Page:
Many examples are included in this book. Consider, for example, the words of the Lord Jesus Christ in the Sermon on the Mount (in Matthew chapters 5-7). I’ll quote a few key verses from those chapters. Matt. 5:29, 30, “If your right eye makes you stumble [makes you sin], tear it out and throw it from you; for it is better for you to lose one of the parts of your body, than for your whole body to be thrown into hell. (30) If your right hand makes you stumble, cut it off and throw it from you; for it is better to lose one of the parts of your body, than for your whole body to go into hell.” Matt. 5:48, “Therefore you are to be perfect, as your heavenly Father is perfect.” Matt. 7:13, 14, 21-27, “Enter by the narrow gate; for the gate is wide, and the way is broad that leads to destruction, and many are those who enter by it. For the gate is small, and the way is narrow that leads to life, and few are those who find it. … (21) Not everyone who says to me, ‘Lord, Lord,’ will enter the kingdom of heaven; but he who does the will of my Father who is in heaven. Many will say to Me on that day, ‘Lord, Lord, did we not prophesy in Your name, and in Your name cast out demons, and in Your name perform many miracles?’ (23) And then I will declare to them, ‘I never knew you; DEPART FROM ME, YOU WHO PRACTICE LAWLESSNESS.’ Therefore everyone who hears these words of Mine and acts on them, may be compared to a wise man who built his house on the rock. And the rain fell, and the floods came, and the winds blew and slammed against that house; and yet it did not fall, for it had been founded on the rock. Everyone who hears these words of Mine and does not act on them, will be like a foolish man who built his house on the sand. The rain fell, and the floods came, and the winds blew and slammed against that house; and it fell - and great was its fall.”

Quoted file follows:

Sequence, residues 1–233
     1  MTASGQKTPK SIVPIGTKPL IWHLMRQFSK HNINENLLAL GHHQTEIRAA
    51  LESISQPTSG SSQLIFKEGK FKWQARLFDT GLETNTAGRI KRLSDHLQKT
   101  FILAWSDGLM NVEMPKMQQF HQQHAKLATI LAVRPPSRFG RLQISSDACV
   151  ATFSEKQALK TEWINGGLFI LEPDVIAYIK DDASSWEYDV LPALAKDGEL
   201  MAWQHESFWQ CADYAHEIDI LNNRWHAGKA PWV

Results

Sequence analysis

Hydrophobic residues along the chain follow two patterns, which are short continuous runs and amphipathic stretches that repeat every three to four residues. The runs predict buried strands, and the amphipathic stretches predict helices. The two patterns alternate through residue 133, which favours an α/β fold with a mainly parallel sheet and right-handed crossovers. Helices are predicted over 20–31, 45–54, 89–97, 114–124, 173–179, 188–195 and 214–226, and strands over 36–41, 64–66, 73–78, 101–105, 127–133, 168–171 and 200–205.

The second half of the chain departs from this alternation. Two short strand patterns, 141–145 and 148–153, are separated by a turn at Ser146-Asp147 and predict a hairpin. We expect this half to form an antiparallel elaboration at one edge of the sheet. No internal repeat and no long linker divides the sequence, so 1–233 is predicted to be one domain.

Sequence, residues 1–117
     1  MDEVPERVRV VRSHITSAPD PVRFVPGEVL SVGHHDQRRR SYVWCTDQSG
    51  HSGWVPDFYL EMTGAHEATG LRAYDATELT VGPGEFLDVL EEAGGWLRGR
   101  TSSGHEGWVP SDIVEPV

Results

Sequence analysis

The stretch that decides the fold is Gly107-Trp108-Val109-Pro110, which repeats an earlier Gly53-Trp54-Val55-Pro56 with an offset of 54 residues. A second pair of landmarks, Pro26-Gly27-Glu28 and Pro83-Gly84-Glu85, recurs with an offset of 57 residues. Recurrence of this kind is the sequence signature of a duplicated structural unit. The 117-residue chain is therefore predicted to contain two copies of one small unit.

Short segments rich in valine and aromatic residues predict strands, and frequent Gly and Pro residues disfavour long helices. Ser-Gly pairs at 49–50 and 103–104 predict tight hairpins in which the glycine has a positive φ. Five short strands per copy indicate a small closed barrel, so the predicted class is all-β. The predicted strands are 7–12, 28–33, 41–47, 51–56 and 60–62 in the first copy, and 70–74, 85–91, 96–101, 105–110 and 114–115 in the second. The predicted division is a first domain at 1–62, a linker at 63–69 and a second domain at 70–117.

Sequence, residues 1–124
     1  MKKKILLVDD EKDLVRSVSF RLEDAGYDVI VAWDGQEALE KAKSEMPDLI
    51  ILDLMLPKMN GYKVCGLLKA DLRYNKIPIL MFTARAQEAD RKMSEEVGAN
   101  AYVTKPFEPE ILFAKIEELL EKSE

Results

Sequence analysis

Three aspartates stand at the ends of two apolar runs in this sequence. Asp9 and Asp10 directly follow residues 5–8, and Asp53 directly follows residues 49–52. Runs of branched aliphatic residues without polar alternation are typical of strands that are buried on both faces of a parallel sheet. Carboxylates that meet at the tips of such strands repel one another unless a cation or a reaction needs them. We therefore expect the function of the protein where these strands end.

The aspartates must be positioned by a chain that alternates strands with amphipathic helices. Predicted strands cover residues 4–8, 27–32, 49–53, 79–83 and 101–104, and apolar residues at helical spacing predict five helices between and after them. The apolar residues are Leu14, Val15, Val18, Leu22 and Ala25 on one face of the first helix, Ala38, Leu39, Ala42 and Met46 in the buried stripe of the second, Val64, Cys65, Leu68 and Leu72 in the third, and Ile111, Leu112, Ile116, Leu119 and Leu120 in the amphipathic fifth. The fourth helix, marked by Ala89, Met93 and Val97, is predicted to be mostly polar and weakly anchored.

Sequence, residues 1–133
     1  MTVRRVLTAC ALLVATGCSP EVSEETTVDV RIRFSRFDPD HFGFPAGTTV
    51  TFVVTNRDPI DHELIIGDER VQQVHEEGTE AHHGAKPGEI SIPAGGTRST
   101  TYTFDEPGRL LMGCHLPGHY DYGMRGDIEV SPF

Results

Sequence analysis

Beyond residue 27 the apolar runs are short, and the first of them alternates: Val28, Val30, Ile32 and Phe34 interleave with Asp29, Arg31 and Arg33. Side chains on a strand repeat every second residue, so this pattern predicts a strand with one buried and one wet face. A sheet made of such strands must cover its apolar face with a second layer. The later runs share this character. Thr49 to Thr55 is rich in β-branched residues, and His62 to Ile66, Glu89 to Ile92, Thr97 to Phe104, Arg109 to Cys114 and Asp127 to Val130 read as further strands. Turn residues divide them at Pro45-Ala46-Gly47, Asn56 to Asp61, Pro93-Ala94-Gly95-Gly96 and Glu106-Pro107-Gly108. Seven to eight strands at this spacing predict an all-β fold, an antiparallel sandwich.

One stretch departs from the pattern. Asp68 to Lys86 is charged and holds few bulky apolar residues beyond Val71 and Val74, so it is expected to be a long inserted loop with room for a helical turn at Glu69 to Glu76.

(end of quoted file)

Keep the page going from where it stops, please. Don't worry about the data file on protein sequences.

But didn’t the apostle Paul say that he was the chief (or, the foremost) of sinners? He did, but he was speaking of his sinful pre-Christian state, when he was attacking the Lord Jesus Christ and the gospel and violently persecuting Christians. ((’m going to turn back to endnote 12, where I discussed this topic. In 1 Tim. 1:12-16 the apostle Paul said, “I thank Christ Jesus our Lord, who has strengthened me, because He considered me faithful, putting me into service; (13) even though I WAS FORMERLY A BLASPHEMER AND A PERSECUTOR AND A VIOLENT AGGRESSOR. And yet I was shown mercy, because I acted ignorantly in unbelief [back before he became a Christian]; (14) and the grace of our Lord was more than abundant, with the faith and love which are found in Christ Jesus. [The abundant grace of God in Christ was sufficient to transform Paul from being “the chief (or foremost) of sinners” to being the sanctified, faithful apostle to the Gentiles.] (15) It is a trustworthy statement, deserving full acceptance, that Christ Jesus came into the world to save sinners, among whom I am foremost of all. [The apostle Paul has already explained, back in verse 13, what he meant by calling himself the chief (or foremost) of sinners. He was attacking Jesus Christ and the gospel and violently persecuting Christians.] (16) And yet for this reason I found mercy, in order that in me as the foremost [of sinners], Jesus Christ might demonstrate His perfect patience, as an example for those who would believe in Him for eternal life.” As I mentioned, the abundant grace of God in Christ was sufficient to transform Paul from being the “the [chief or] foremost of sinners” to being the sanctified, faithful apostle to the Gentiles.